On June 14, the West Houston Association held a Water Infrastructure Forum, featuring speakers Mike Turco, General Manager of the Harris-Galveston Subsidence District, Don Ripley, Executive Director of the Coastal Water Authority, Bob Mitchell, Vice President of the newly formed Gulf Coast Protection District, and moderator Alia Vinson, Partner with Allen Boone Humphries Robinson.
Mike Turco began the discussion with a brief history of subsidence issues in the greater Houston area dating as far back as 1906. With the growth of the Houston region, the lowering of land elevation, or subsidence, primarily due to drawing off surface water for local, municipal use has become a major issue for the region with a wide range of consequences including drainage, flood resiliency, and clean, potable water. The creation of the Harris-Galveston Subsidence District in 1975 precipitated regulations and conservation measures to stabilize the most degraded areas, but also highlighted the need for further strategic water infrastructure planning in order to provide clean, usable water. “This problem is coastal and inland, and no one person can solve it”, says Turco, “the solutions are collaborative”.
Another partner in seeking these solutions is the Coastal Water Authority, represented at the forum by Don Ripley. The CWA was created by the Texas Legislature in 1967 to transport and deliver water to Houston, Deer Park and Baytown plus 100 industries along the Houston ship channel, which includes acquiring property and constructing facilities necessary for these purposes. Don took us all the way back a little over a century to demonstrate that Houston’s water system was created in the late 1800’s and that it did not take long to realize we needed more and better access to water regionally. By 1938, the Houston Chronicle began running articles identifying the Trinity River as a possible surface water supply source. Through critical funding from the Texas Water Development Board, among others, the CWA is responsible for surface water supply projects, locally, including most recently the Luce Bayou Interbasin Transfer Project moving raw water from the Trinity River Basin to the San Jacinto River Basin increasing the raw water supply to Lake Houston. Some of these infrastructure projects have been around a long time, though, and the issues of aging infrastructure and funding to maintain and make improvements is a critical one. Our region uses 500 million gallons of water per day. This requires extreme coordination efforts and a number of agencies and unsung heroes. Don reiterated Mike’s statement that these solutions are built on partnerships and collaborations.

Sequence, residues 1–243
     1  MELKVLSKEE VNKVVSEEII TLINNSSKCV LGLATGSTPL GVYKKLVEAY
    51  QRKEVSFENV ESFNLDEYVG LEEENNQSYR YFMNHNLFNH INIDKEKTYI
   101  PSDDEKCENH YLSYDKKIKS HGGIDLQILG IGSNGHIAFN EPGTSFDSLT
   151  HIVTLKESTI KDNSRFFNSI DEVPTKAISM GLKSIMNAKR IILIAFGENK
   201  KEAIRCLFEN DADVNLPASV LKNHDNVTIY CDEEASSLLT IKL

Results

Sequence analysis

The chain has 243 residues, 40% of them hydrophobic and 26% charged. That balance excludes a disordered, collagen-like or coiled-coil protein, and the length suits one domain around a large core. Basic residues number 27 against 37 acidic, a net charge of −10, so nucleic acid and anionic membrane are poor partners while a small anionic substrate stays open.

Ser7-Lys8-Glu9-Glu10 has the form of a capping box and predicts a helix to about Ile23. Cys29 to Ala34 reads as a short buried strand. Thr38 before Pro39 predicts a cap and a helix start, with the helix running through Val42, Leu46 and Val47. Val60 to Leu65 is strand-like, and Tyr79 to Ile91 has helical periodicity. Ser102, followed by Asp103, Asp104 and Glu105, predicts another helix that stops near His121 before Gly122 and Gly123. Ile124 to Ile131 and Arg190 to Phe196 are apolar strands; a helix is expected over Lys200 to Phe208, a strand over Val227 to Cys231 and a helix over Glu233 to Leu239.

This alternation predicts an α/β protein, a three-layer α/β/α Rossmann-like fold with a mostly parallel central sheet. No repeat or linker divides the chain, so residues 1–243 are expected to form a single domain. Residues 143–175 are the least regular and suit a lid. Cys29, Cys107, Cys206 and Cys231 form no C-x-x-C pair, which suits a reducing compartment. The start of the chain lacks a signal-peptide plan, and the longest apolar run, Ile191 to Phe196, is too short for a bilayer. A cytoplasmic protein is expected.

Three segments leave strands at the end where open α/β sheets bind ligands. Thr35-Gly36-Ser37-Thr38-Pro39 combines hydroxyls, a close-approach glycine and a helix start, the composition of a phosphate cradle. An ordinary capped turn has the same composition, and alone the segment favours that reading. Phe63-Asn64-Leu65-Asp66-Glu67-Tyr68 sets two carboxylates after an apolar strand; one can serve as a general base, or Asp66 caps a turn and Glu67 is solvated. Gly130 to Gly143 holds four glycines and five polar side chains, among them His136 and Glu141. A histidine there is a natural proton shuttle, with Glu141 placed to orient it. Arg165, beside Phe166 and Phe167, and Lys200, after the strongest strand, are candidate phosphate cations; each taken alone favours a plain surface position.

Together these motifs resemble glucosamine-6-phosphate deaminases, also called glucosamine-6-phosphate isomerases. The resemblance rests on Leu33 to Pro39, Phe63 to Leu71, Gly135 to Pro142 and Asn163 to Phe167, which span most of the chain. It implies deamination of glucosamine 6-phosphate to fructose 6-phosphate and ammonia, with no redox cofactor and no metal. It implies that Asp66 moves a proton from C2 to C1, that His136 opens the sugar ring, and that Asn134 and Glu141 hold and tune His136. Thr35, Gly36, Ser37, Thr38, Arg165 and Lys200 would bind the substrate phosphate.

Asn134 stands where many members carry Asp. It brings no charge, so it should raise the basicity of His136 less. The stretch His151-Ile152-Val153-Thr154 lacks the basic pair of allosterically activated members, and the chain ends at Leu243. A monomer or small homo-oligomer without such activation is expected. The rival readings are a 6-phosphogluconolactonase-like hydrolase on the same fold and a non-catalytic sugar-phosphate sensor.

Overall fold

The newest partner in these collaborative efforts is the Gulf Coast Protection District, represented by their newly appointed Vice President Bob Mitchell. The GCPD, or “Ike Dike” as it has been called for the past several years, is a love song to international collaborative efforts, water infrastructure needs, flood resiliency needs, and an established recognition that regional, state and economic growth depend on addressing our flooding issues. The GCPD was created in 2021 to act as the non-federal sponsor of Coastal Texas and Sabine to Galveston projects. Since then they have convened an 11-member board of directors appointed by the Governor and County and have begun work on interlocal agreements; they will seek appropriations funding in 2023. Bob highlighted the importance of the Port of Houston to not just the region and state, but to the supply chain of the country. The Port of Houston is the number one export port in the nation, and coastal industries directly and indirectly support the rest of the country on a large scale. What happens here has significant economic impacts on the rest of the nation. This infrastructure project brings together efforts and expertise from Denmark, the Netherlands, engineering and economic experts, and passionate advocates who seek further collaborate with other local infrastructure partners such as the Coastal Water Authority and the Harris-Galveston Subsidence District to protect the greater Houston region from flood waters and provide pathways, sources and solutions for clean water. These are at the very heart of continued economic growth in our region.
“The greatest challenges we face to our civilization in Houston were represented on that stage. Our great grandfathers wrote a check that now we have to cash. We have built our economy on the assumption that we will be able to deal with our water supply and subsidence issues.” Augustus Campbell, Executive Director of Association of Water Board Directors.